Note: Ingredient quantities and full instructions are in the recipe card at the end of this post.
How to make Acorn Squash Soup
- Roast the acorn squash: Carefully cut the acorn squash in half and scoop out the seeds and stringy core. Place onto the baking sheet and drizzle with olive oil. Season with salt and pepper and roast until the squash is fork tender.
- Saute the other veggies: Heat olive oil in a large pot. Add the carrots and celery and saute for 3 minutes. Add the onion and continue to cook until the vegetables are soft and the onion is translucent. Season with salt, pepper, sage and thyme.
- Add the roasted squash: Scoop out the softened flesh from the roasted squash and add it to the pot along with vegetable broth.
- Cool and blend: Once the soup is cooled enough so that it is safe to blend, add the soup to a food processor or blender and puree.
- Heat and adjust seasonings: Transfer back into the large pot and heat through. Taste and adjust seasoning as needed. I like to add some sugar at this point as I think the sweetness enhances the flavour (acorn squash isn’t as naturally sweet as butternut squash so a little sugar helps).
What to serve with this soup
This soup can be served as a starter for meals (I recommend starting off your Thanksgiving dinner with a bowl of this soup).
I frequently serve this soup as our dinner, served alongside a nice fresh salad or a grilled cheese sandwich!
I hope you enjoy this recipe!
Wondering what else you can do with Acorn Squash? Be sure to check out:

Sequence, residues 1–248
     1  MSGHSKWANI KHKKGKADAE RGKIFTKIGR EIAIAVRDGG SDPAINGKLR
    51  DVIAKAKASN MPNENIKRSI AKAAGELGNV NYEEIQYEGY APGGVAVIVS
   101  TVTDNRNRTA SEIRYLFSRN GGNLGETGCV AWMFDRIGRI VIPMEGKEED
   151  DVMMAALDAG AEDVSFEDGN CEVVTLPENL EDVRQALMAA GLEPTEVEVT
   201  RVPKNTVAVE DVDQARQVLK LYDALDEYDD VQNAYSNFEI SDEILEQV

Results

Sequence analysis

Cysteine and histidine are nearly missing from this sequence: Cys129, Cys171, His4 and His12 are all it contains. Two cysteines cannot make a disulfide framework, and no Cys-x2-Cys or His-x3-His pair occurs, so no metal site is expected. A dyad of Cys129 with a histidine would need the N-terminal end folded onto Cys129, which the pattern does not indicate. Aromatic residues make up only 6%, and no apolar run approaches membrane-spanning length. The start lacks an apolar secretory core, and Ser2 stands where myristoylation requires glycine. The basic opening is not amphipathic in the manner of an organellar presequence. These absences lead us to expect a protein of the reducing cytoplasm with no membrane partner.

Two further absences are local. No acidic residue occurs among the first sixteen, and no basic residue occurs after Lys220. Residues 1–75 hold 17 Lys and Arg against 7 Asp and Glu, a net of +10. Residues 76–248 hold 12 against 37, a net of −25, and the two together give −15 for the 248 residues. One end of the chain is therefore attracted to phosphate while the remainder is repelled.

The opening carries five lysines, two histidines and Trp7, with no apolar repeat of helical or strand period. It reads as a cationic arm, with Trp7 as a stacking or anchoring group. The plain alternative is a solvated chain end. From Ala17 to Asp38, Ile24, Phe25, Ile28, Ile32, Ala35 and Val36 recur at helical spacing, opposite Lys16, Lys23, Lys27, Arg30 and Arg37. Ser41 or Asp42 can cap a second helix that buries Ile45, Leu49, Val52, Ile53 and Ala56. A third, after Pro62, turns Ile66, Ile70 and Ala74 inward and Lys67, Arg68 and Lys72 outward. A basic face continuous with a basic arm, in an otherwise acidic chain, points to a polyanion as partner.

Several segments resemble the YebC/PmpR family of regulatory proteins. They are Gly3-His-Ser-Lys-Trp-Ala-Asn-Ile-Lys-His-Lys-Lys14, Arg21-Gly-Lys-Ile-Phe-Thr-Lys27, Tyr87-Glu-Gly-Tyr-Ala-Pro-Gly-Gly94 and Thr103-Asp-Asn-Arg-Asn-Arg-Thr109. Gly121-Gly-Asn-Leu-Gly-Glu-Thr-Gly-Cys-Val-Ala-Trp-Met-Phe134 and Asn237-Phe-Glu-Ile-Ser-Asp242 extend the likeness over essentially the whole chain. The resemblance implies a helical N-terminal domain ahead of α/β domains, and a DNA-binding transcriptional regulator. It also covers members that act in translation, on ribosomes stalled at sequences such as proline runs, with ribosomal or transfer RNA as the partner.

Acorn Squash Soup
- 2 large acorn squash (or 3 small)
- 3 tablespoons olive oil divided
- 1 carrot peeled and chopped
- 1 rib celery chopped
- 1 small onion chopped
- 1 tablespoon sage finely chopped
- 1/2 tablespoon thyme fresh, leaves removed from stem
- salt and pepper
- 3 cups vegetable broth
- 1 tablespoon sugar or more to taste
- Preheat oven to 400F and line a baking sheet with parchment paper. Carefully cut the acorn squash in half and scoop out the seeds and stringy core. Place onto the baking sheet and drizzle with the 2 tablespoons of olive oil. Season with salt and pepper and roast in the oven for approximately 45 minutes or until the squash is fork tender.
- Meanwhile, heat the remaining tablespoon of olive oil in a large pot. Add the carrots and celery and saute for 3 minutes. Add the onion and continue to cook until the vegetables are soft and the onion is translucent. Season with salt and pepper. Add the sage and thyme in the last minute of cooking.
- Once squash is roasted, scoop out the softened flesh and add it to the pot along with 2 cups of vegetable broth. Simmer for 10 minutes and then remove from heat and let it cool.
- Once cooled enough so that it is safe to blend, add the soup to a food processor or blender. You may need to do this in batches. Puree the ingredients until smooth. If needed, add the remaining cup of vegetable broth to reach the desired consistency.
- Transfer back into the large pot and heat through. Taste and adjust seasoning as needed. I like to add some sugar at this point as I think the sweetness enhances the flavour (acorn squash isn't as naturally sweet as butternut squash so a little sugar helps).